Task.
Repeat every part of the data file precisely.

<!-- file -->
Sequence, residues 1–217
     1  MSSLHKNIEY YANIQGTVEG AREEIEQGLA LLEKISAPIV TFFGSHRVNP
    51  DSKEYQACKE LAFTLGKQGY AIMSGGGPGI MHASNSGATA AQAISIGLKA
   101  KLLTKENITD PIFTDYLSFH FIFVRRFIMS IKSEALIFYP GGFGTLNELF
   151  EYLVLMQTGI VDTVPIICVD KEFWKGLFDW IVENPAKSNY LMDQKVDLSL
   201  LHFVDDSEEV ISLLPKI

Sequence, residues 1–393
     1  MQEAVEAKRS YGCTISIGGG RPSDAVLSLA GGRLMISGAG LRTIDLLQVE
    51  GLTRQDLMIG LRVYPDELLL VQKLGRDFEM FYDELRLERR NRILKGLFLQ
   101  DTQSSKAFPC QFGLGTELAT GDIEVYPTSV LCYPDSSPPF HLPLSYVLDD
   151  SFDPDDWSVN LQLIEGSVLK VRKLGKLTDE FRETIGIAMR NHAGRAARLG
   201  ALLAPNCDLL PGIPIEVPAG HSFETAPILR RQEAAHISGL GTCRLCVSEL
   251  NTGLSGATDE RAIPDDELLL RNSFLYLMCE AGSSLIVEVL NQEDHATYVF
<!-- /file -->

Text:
Sequence, residues 1–217
     1  MSSLHKNIEY YANIQGTVEG AREEIEQGLA LLEKISAPIV TFFGSHRVNP
    51  DSKEYQACKE LAFTLGKQGY AIMSGGGPGI MHASNSGATA AQAISIGLKA
   101  KLLTKENITD PIFTDYLSFH FIFVRRFIMS IKSEALIFYP GGFGTLNELF
   151  EYLVLMQTGI VDTVPIICVD KEFWKGLFDW IVENPAKSNY LMDQKVDLSL
   201  LHFVDDSEEV ISLLPKI

Sequence, residues 1–393
     1  MQEAVEAKRS YGCTISIGGG RPSDAVLSLA GGRLMISGAG LRTIDLLQVE
    51  GLTRQDLMIG LRVYPDELLL VQKLGRDFEM FYDELRLERR NRILKGLFLQ
   101  DTQSSKAFPC QFGLGTELAT GDIEVYPTSV LCYPDSSPPF HLPLSYVLDD
   151  SFDPDDWSVN LQLIEGSVLK VRKLGKLTDE FRETIGIAMR NHAGRAARLG
   201  ALLAPNCDLL PGIPIEVPAG HSFETAPILR RQEAAHISGL GTCRLCVSEL
   251  NTGLSGATDE RAIPDDELLL RNSFLYLMCE AGSSLIVEVL NQEDHATYVF